JOURNAL ARTICLE
Add like
Add dislike
Add to saved papers

An evaluation of the reliability and construct validity of eating disorder measures in white and black women.

Most measures of eating disorder symptoms and risk factors were developed in predominantly White female samples. Yet eating disorders affect individuals of all racial and ethnic backgrounds. Black women appear more vulnerable to certain forms of eating pathology, such as binge eating, and less susceptible to other eating disorder symptoms and risk factors, such as body dissatisfaction, compared with their White peers. Despite concern that extant measures do not adequately assess eating concerns among Black women, the construct validity of scores on most of these measures has not been adequately examined within this population. This study included 2,208 Black and White women who completed the following: the Binge Eating Scale (BES), the Eating Disorder Diagnostic Scale (EDDS), the Eating Attitudes Test-26 (EAT-26), the Eating Disorder Inventory Body Dissatisfaction and Drive for Thinness subscales, the Bulimia Test-Revised (BULIT-R), the Multidimensional Body-Self Relations Questionnaire-Appearance Evaluation subscale (MBSRQ-AE), and the Objectified Body Consciousness Scale (OBCS). Most measures yielded internally consistent scores in both races. Confirmatory factor analyses indicated that loadings for some measures, including the EAT-26 and EDDS, were not invariant across groups and thus do not assess equivalent constructs in White and Black women. However, others, including the BULIT-R, BES, OBCS, and MBSRQ-AE, exhibited factorial invariance in both races. Results suggest scores are likely not equivalent across races for several popular measures of eating disorder symptoms and risk factors. Thus, it is recommended that researchers and clinicians obtain additional information regarding racial/cultural factors when using these instruments with Black women.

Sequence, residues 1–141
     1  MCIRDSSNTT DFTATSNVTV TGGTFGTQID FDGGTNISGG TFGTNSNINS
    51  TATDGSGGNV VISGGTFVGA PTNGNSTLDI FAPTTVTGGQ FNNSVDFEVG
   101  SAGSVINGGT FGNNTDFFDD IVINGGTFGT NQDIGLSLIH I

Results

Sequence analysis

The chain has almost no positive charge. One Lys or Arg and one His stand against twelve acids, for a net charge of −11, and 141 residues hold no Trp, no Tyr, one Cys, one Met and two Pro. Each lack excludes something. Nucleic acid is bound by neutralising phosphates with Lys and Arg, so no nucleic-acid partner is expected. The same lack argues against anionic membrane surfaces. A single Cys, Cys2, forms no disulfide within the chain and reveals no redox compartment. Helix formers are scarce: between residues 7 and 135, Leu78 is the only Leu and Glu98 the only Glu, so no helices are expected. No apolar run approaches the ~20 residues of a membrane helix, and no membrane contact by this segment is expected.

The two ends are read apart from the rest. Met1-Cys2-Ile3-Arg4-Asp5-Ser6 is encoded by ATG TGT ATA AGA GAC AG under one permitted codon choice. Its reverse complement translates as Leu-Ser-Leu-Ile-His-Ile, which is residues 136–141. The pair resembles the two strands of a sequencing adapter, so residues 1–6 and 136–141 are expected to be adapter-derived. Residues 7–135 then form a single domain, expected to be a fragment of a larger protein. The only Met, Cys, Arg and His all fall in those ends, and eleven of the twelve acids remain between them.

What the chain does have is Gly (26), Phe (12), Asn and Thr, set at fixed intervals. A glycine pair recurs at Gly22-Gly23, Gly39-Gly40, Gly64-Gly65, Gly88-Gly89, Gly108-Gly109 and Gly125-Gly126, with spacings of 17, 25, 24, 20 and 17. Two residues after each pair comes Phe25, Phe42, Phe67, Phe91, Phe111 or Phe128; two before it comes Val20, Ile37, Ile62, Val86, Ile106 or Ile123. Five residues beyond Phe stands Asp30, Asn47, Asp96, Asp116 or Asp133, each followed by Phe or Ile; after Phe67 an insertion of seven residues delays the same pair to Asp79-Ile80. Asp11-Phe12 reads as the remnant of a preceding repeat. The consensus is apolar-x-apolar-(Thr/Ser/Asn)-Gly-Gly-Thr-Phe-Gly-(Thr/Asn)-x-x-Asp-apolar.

Full text links

For the best experience, use the Read mobile app

Group 7SearchHeart failure treatmentPapersTopicsCollectionsEffects of Sodium-Glucose Cotransporter 2 Inhibitors for the Treatment of Patients With Heart Failure Importance: Only 1 class of glucose-lowering agents-sodium-glucose cotransporter 2 (SGLT2) inhibitors-has been reported to decrease the risk of cardiovascular events primarily by reducingSeptember 1, 2017: JAMA CardiologyAssociations of albuminuria in patients with chronic heart failure: findings in the ALiskiren Observation of heart Failure Treatment study.CONCLUSIONS: Increased UACR is common in patients with heart failure, including non-diabetics. Urinary albumin creatininineJul, 2011: European Journal of Heart FailureRandomized Controlled TrialEffects of Liraglutide on Clinical Stability Among Patients With Advanced Heart Failure and Reduced Ejection Fraction: A Randomized Clinical Trial.Review

Get seemless 1-tap access through your institution/university

For the best experience, use the Read mobile app

Read by QxMD is copyright © 2021 QxMD Software Inc. All rights reserved. By using this service, you agree to our terms of use and privacy policy.

Get seemless 1-tap access through your institution/university

For the best experience, use the Read mobile app